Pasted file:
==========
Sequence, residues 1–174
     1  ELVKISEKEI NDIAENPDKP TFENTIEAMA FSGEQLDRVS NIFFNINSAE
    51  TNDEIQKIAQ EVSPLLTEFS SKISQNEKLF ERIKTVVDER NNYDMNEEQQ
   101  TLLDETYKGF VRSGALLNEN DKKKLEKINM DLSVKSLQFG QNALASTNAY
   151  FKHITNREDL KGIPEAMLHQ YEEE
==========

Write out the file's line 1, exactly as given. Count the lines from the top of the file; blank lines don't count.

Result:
Sequence, residues 1–174